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Sports betting in the United States - statistics & facts

Sports betting is a type of gambling that refers to the act of placing a wager on the outcome of a sporting event. Bets are typically made through bookmakers, also known as sportsbooks. These operate both as land-based establishments, for example, at casinos or betting shops, and online. In 2020, the total sports betting revenue in the United States amounted to 1.55 billion U.S. dollars. In the U.S., sports betting is legal at the federal level, however, it is still not legal in every state. Even when the practice is legal, regulations regarding sports betting vary on a state-by-state basis. As of September 2021, 26 states including Washington, D.C. had operational legalized sports betting. An additional six states have legalized the practice but have not yet launched legal sportsbooks. In 2020, the share of the U.S. public that believed online sports gambling should be legal in their state varied by age group. Approximately 42 percent of those between the ages of 35 and 54 were in favor of legalizing online sports gambling. Meanwhile, in the same year, the overall share of adults that participated in sports betting in the U.S. was 13 percent.

Which groups engage in sports betting in the U.S.?

The share of sports fans interested in sports betting in the United States varied by professional sport in 2021. The National Hockey League's (NHL) fan base was the most interested in sports betting with 62 percent of fans stating that this was the case. Despite the National Football League's (NFL) popularity in the U.S., NFL fans were the least interested in sports betting across six sports leagues, with only 48 percent of fans expressing an interest in betting.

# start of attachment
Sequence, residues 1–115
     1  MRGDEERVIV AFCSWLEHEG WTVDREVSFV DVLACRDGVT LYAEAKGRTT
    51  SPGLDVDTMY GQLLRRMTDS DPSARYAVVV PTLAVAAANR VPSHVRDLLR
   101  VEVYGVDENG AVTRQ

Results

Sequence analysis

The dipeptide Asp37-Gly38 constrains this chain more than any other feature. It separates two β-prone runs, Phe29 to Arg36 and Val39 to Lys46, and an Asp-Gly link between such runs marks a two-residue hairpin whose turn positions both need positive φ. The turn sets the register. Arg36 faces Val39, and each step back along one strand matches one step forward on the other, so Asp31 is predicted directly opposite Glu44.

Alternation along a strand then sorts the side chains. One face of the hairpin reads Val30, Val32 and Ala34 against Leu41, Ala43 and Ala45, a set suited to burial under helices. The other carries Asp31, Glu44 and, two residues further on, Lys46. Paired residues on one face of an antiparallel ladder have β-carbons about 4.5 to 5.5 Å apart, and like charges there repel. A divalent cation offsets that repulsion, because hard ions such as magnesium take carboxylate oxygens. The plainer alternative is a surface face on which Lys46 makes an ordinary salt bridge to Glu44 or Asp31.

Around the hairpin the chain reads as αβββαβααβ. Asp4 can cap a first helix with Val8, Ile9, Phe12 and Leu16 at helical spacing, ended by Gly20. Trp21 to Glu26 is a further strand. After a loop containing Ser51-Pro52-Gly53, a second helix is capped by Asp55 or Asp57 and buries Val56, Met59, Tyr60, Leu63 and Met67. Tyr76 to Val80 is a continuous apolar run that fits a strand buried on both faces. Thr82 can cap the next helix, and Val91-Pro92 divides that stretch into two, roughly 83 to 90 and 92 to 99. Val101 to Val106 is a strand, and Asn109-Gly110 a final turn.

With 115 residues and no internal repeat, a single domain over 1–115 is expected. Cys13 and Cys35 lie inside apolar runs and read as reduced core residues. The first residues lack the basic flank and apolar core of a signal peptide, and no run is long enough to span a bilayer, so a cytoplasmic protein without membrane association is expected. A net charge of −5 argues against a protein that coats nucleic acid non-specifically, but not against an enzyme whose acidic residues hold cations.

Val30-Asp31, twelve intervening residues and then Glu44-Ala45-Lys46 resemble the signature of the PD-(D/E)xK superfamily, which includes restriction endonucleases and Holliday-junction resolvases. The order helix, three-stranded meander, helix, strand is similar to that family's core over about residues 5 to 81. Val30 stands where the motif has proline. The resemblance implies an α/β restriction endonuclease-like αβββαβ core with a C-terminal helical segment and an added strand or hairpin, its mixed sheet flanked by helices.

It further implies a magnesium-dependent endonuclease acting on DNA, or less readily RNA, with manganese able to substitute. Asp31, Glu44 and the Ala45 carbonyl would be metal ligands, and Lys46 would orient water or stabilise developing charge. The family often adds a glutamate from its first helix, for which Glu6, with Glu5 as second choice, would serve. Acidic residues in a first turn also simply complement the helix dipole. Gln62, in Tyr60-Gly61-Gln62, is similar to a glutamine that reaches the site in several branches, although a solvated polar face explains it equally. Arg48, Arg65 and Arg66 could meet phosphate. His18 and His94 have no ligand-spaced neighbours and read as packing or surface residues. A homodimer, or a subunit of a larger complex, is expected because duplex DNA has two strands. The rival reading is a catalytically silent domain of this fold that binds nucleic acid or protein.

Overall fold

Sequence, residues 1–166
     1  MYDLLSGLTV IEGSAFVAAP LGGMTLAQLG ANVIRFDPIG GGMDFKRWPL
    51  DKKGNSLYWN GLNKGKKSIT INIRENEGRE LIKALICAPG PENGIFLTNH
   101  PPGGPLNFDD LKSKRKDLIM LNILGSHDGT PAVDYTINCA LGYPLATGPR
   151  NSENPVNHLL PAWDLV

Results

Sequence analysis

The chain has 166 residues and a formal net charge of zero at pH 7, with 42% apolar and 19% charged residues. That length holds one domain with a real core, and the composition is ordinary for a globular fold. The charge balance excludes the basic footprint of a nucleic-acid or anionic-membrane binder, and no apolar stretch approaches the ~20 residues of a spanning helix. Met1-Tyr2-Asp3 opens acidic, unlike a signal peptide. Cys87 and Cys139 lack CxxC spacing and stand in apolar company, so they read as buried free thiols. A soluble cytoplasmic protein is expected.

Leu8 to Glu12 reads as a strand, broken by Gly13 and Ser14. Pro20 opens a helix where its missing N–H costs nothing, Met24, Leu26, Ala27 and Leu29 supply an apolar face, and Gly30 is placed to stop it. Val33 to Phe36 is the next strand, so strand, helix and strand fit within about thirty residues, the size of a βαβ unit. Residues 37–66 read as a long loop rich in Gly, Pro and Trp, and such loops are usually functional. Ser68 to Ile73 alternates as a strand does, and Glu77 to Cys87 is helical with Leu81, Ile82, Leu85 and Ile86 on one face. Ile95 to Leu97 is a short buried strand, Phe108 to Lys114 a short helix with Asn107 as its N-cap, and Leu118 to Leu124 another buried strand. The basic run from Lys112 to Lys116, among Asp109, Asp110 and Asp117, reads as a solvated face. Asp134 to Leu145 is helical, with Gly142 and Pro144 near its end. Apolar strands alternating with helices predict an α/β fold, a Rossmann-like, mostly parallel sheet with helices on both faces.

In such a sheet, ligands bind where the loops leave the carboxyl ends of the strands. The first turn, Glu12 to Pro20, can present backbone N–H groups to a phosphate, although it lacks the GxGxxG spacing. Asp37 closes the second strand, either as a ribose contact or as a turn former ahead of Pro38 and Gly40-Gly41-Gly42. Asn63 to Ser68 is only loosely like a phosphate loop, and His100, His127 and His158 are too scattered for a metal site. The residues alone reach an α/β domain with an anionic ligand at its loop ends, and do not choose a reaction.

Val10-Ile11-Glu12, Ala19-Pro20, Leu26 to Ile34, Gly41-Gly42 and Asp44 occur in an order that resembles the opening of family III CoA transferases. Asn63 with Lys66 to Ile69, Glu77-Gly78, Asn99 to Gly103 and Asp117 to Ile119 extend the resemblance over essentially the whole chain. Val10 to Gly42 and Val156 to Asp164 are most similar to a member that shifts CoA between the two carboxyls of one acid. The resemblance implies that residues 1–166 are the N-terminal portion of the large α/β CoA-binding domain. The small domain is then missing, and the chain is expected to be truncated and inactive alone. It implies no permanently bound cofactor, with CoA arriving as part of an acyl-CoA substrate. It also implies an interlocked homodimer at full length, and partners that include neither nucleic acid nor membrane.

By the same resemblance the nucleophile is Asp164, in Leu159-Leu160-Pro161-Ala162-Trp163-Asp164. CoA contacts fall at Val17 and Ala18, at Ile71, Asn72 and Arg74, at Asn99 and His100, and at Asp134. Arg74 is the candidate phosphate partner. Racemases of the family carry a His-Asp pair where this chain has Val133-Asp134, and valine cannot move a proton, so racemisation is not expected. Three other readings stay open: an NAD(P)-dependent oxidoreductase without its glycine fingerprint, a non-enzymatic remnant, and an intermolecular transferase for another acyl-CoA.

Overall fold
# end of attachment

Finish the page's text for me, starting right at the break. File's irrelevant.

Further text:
Meanwhile, when looking at sports bettor demographics, it was found that men were more likely to place wagers on sports. According to a 2020 survey, the share of men who participated in sports betting in the U.S. was 20 percent. Meanwhile, only seven percent of women stated that they participated in sports betting. Another 2020 survey revealed that the distribution of U.S. sports bettors also varied by ethnicity.

How did COVID-19 impact sports betting in the U.S.?

The sports betting industry was hit hard by the coronavirus (COVID-19) pandemic as many professional sports leagues and events were put on pause. During a 2020 survey in the U.S., the majority of respondents noted that they were betting less since the COVID-19 pandemic began. Not only were sporting events paused but many brick-and-mortar establishments were closed to the public, resulting in an increased demand for digital sports betting. In May 2020, the monthly change in sports betting and fantasy app net installations in the U.S. grew significantly as Major League Baseball (MLB) was preparing to resume its abbreviated season. Despite the obstacles to sports betting, more states are in the process of legalizing the practice, and the industry is growing as a result. By 2025, the forecast revenue for sports betting in the U.S. was expected to reach eight billion U.S. dollars.

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Participation

Online sports betting